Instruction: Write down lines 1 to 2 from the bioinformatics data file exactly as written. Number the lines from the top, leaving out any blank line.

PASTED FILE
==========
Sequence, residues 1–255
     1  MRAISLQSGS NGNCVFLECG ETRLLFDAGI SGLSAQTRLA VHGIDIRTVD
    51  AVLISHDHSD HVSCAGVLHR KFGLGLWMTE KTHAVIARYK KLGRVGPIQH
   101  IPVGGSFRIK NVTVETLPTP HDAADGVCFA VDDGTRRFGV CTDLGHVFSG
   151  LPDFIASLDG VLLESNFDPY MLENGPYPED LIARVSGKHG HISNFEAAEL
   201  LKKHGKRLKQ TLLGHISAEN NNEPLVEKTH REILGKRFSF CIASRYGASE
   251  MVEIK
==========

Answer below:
Sequence, residues 1–255
     1  MRAISLQSGS NGNCVFLECG ETRLLFDAGI SGLSAQTRLA VHGIDIRTVD